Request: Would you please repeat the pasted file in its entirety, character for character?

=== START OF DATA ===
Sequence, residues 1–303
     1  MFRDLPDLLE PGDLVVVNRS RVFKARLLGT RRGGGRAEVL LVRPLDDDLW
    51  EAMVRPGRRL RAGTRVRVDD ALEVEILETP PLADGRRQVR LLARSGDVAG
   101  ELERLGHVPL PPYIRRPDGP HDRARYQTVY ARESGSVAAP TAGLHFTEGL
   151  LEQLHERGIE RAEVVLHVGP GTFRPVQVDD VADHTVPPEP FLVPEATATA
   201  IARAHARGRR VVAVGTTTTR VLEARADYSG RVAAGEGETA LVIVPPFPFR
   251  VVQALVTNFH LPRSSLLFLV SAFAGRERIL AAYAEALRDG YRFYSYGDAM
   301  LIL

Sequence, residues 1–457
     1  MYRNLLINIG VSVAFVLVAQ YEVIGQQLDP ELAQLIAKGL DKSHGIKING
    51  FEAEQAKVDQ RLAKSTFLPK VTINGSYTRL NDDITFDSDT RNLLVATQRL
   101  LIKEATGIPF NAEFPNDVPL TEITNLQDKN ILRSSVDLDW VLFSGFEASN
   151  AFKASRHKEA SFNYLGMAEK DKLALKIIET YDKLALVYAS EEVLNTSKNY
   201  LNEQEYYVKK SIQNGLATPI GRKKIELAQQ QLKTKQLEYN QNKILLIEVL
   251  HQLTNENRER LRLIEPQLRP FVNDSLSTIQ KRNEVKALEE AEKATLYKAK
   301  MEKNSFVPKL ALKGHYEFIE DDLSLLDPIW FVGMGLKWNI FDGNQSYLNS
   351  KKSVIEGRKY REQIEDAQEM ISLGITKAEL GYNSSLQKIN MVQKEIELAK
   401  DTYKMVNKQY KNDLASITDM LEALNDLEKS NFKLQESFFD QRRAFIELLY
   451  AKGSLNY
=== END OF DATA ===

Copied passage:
Sequence, residues 1–303
     1  MFRDLPDLLE PGDLVVVNRS RVFKARLLGT RRGGGRAEVL LVRPLDDDLW
    51  EAMVRPGRRL RAGTRVRVDD ALEVEILETP PLADGRRQVR LLARSGDVAG
   101  ELERLGHVPL PPYIRRPDGP HDRARYQTVY ARESGSVAAP TAGLHFTEGL
   151  LEQLHERGIE RAEVVLHVGP GTFRPVQVDD VADHTVPPEP FLVPEATATA
   201  IARAHARGRR VVAVGTTTTR VLEARADYSG RVAAGEGETA LVIVPPFPFR
   251  VVQALVTNFH LPRSSLLFLV SAFAGRERIL AAYAEALRDG YRFYSYGDAM
   301  LIL

Sequence, residues 1–457
     1  MYRNLLINIG VSVAFVLVAQ YEVIGQQLDP ELAQLIAKGL DKSHGIKING
    51  FEAEQAKVDQ RLAKSTFLPK VTINGSYTRL NDDITFDSDT RNLLVATQRL
   101  LIKEATGIPF NAEFPNDVPL TEITNLQDKN ILRSSVDLDW VLFSGFEASN
   151  AFKASRHKEA SFNYLGMAEK DKLALKIIET YDKLALVYAS EEVLNTSKNY
   201  LNEQEYYVKK SIQNGLATPI GRKKIELAQQ QLKTKQLEYN QNKILLIEVL
   251  HQLTNENRER LRLIEPQLRP FVNDSLSTIQ KRNEVKALEE AEKATLYKAK
   301  MEKNSFVPKL ALKGHYEFIE DDLSLLDPIW FVGMGLKWNI FDGNQSYLNS
   351  KKSVIEGRKY REQIEDAQEM ISLGITKAEL GYNSSLQKIN MVQKEIELAK
   401  DTYKMVNKQY KNDLASITDM LEALNDLEKS NFKLQESFFD QRRAFIELLY
   451  AKGSLNY